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Trails And Tales



Big mountains, thundering rivers, rugged roads, and at night, the distant glaciers set aglow by the stars: for pure adventure motorcycling, you cannot beat the many back roads of Himachal Pradesh for authentic freewheeling adventures. For me, the idea of riding over the Chanshal Pass to the little known villages of Dodra and Kwar, sited on opposite sides of the Rupin river, had been like an itch you can’t scratch. What makes this ride special was that for centuries the only way to reach Dodra-Kwar was a multi-day walk; either on the traditional shepherd’s trail from the Sangla valley over the Rupin pass; or to follow the Rupin river upstream from the road head at Naitwar in Uttarakhand. In 2009, a road was finally built to Dodra-Kwar from Rohru in Himachal that loops through thick woods of rhododendron, deodar and Himalayan birch, waterfalls and fast-flowing streams. Over all this towers the Chanshal range—the barrier to the Rupin valley and Dodra-Kwar for so many years—and the eponymous pass at 12,600 feet high that grudgingly allows access beyond. To ride your motorcycle here is to feel like a pioneer.




This amazing road through the Pangi Valley in Himachal is accessible in September - October, when the roaring nullahs become fordable and when rock fall from the formidable cliffs stabilize after the monsoons. Starting from Tandi, 100 kms from Manali on the Leh route, the road follows the Chandra-Bhaga river till the town of Killar, from where one road continues to Doda and Kishtwar in Jammu and Kashmir, and the other takes a spectacular ascent to Sach Pass before descending to Chamba.




From Tandi to Udaipur, the Chandra-Bhaga cuts a wide swathe, providing rich farming land on its banks. From Udaipur onwards where Pangi actually begins, for a 100 kms the road clings to the side of a vertiginous gorge. At Killar, the road to Sach Pass crosses over the river and ascends rapidly, first through cool, dense forests of walnut, pine and Himalayan birch-Bhojpatra- before abruptly bursting out into a scree strewn landscape thrusting skywards.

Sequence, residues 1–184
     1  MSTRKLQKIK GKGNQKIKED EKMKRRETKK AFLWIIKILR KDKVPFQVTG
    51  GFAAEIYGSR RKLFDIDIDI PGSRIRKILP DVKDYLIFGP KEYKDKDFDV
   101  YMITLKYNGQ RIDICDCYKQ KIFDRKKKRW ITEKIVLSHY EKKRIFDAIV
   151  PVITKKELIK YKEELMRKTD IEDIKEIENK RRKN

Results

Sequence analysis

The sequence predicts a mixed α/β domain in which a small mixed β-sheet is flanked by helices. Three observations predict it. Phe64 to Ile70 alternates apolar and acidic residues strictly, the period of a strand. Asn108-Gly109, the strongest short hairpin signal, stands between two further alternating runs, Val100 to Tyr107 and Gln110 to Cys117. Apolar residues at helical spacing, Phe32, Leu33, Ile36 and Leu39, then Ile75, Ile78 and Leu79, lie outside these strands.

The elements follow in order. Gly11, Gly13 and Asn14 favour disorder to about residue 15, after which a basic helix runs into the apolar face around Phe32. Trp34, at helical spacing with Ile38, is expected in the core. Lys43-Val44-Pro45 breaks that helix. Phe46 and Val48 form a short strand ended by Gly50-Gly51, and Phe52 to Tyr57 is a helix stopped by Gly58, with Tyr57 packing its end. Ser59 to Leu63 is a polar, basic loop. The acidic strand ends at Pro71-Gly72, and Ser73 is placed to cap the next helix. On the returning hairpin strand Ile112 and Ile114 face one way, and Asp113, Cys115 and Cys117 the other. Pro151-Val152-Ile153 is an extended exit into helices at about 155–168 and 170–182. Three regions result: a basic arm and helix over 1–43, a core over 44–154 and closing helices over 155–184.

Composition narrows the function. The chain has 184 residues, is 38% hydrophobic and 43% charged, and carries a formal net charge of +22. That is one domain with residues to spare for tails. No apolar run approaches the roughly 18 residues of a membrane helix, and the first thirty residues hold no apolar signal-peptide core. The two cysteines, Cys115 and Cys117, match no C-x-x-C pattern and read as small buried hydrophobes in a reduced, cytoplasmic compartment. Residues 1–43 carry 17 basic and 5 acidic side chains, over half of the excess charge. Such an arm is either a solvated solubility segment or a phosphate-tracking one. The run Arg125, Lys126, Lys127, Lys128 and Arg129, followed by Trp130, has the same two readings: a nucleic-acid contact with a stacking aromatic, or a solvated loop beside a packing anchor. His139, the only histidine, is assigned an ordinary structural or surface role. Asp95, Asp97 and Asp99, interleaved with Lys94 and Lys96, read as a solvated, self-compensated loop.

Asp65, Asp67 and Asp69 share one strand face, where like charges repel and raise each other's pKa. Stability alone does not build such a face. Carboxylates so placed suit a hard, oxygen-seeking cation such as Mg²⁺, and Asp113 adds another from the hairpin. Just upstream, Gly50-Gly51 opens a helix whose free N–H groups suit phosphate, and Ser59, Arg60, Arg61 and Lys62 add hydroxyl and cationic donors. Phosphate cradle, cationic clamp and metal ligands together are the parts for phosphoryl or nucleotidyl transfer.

For a motorcycling adventure, this road has few parallels. The views are fantastic but the road is tough and it will take eight hours to ride a 100 kms; there are virtually no dhabas on this road from Udaipur to Killar and no petrol pumps till you cross over Sach Pass deep into Chamba. Ill-prepared motorcycles will break down and so will their riders, but for those who finish this ride, the experience will resonate with a soul satisfying fullness for many years to come.



The Mughal Road is a historic summer route much beloved of the Mughal Emperors, most famously Akbar and his son Jahangir, to reach the salubrious climes of Kashmir as long ago as the 16th century. Today, the same road serves as an alternative to the Jammu-Srinagar NH1A connecting Jammu region to the Kashmir valley.


Officially reopened as recently as 2009, this ancient route was, and still is, a much lesser traversed route. It proves to be as much a treat as a challenge for motorcyclists with diverse places of attraction including several Mughal architectural monuments, untouched forests, lush green meadows, lakes and waterfalls—the natural beauty that Kashmir is renowned for.